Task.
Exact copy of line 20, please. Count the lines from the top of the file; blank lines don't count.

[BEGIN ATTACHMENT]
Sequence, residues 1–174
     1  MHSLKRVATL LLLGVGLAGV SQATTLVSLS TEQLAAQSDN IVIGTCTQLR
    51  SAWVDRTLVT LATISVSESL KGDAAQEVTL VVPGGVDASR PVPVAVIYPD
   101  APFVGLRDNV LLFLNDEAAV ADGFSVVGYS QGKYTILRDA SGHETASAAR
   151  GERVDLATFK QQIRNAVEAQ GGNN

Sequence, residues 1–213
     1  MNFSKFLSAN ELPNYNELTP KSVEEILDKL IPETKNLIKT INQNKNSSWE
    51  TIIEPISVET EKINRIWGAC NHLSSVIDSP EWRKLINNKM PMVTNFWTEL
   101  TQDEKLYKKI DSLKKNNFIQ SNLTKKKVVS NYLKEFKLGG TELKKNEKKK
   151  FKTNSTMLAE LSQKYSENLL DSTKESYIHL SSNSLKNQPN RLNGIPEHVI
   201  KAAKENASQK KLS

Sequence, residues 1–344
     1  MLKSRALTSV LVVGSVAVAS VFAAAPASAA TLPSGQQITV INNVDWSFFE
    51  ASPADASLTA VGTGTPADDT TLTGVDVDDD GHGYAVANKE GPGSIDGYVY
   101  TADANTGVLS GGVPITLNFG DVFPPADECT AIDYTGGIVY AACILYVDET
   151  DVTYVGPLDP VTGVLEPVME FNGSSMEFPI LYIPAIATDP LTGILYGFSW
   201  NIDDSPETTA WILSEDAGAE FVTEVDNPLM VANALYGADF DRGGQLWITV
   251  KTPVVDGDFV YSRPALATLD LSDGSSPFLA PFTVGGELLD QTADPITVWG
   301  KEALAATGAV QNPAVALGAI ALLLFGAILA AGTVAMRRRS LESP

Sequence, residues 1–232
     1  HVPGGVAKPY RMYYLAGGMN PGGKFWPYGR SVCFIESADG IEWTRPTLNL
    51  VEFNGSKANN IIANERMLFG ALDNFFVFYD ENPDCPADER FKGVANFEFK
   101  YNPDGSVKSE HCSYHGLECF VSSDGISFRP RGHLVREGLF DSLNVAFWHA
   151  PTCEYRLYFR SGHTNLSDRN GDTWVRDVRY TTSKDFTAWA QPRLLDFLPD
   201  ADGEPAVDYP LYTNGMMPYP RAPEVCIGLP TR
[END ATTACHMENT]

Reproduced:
Sequence, residues 1–232